Systemic amyloidoses are rare. In this group of related diseases, an abnormally folded protein forms a substance called amyloid. It can build up in one or more organs, such as the kidney, heart, or liver. It can also accumulate in nervous system tissue. The most common type of amyloid is made of immunoglobulins produced by plasma cells in the bone marrow.
As amyloid builds up, it can prevent the organs from working properly and eventually cause them to fail.
There are four major forms of systemic amyloidoses:
- AL amyloidosis (or primary systemic amyloidosis)
- familial amyloidosis
- senile systemic amyloidosis
- secondary amyloidosis
Treatment for systemic amyloidoses is usually aimed at limiting amyloid production.
Symptoms of systemic amyloidoses can include:
- weakness or fatigue
- weight loss
- heart damage (congestive heart failure) or irregular heart rhythm
- shortness of breath
- swelling of the feet or legs due to accumulation of fluid
- stomach discomfort on the right side
- abdominal swelling
- early fullness with eating
- gastrointestinal bleeding
- chest pains
- lightheadedness (due to the lowering of blood pressure during sudden position changes)
- numbness or tingling in the lower extremities (called peripheral neuropathy)
The most common form of systemic amyloidosis is systemic light chain amyloidosis. It is also called AL amyloidosis or primary systemic amyloidosis. AL amyloidosis is diagnosed in approximately 3,000 people in the United States each year. However, many experts think it is actually underdiagnosed. They suggest that primary care doctors may not recognize when and how to test for AL amyloidosis.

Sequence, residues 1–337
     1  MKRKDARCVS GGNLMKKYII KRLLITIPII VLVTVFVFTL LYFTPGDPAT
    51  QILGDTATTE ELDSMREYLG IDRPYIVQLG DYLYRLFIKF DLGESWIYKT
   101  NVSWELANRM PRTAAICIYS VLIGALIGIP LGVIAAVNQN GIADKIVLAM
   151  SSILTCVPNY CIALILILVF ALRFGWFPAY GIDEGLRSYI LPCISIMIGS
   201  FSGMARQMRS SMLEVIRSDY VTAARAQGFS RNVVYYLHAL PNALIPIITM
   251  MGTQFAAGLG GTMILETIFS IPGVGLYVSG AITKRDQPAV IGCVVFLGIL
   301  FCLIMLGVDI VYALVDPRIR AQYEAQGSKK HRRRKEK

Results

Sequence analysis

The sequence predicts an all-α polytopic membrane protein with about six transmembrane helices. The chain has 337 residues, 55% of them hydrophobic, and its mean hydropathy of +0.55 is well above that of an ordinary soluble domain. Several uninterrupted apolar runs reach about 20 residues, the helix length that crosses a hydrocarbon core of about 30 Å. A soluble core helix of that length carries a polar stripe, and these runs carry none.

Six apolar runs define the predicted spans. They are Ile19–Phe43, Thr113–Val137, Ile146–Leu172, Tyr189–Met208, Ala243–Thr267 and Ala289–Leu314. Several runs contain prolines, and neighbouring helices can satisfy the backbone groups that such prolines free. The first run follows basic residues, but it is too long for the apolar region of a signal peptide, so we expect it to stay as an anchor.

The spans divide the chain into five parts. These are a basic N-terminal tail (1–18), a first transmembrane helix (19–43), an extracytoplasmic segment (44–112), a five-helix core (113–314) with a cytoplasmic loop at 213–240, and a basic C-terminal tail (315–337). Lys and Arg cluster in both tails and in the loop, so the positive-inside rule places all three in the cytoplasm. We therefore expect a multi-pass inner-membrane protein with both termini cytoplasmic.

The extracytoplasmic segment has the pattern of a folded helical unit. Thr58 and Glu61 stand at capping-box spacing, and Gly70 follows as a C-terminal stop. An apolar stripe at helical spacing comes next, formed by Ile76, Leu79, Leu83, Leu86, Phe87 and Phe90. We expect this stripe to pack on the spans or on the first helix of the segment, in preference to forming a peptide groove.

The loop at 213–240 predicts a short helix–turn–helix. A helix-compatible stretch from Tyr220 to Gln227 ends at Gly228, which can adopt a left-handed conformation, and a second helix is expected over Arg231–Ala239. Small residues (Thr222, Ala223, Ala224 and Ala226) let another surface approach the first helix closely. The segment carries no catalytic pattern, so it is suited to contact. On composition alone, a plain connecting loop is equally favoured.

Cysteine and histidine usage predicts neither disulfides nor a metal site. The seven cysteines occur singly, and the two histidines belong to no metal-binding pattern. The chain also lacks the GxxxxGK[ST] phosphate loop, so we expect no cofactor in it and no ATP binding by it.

In people with AL amyloidosis, abnormal plasma cells produce an immunoglobulin light-chain protein that forms the amyloid. Over time, these light-chain proteins build up in different organs. This amyloid prevents the organs from working normally and potentially causes serious damage.
AL amyloidosis is rare, but our doctors care for numerous people with the disease. This extensive experience enables them to make an accurate diagnosis and to select the best course of treatment based each patient’s needs.
To diagnose AL amyloidosis, our doctors use a number of tests. Blood and urine tests look for the presence of the abnormal immunoglobulin light-chain proteins. Imaging tests detect damage to the heart or other organs that may be affected. Other tests include a bone marrow biopsy or a biopsy from an affected organ or part of the body with many blood vessels, such as abdominal fat or the rectum.Back to top
Therapies for AL amyloidosis are aimed at eliminating the abnormal plasma cells and removing the immunoglobulin light-chain proteins that cause amyloid. Our doctors plan treatment for people with AL amyloidosis based on a variety of factors, including the risk of side effects.
There are no drugs approved specifically for the treatment of AL amyloidosis. Treatment used for multiple myeloma can be effective for AL amyloidosis too. Because their organs aren’t always working as they should, people with AL amyloidosis often cannot take the same dose of these drugs as people with multiple myeloma.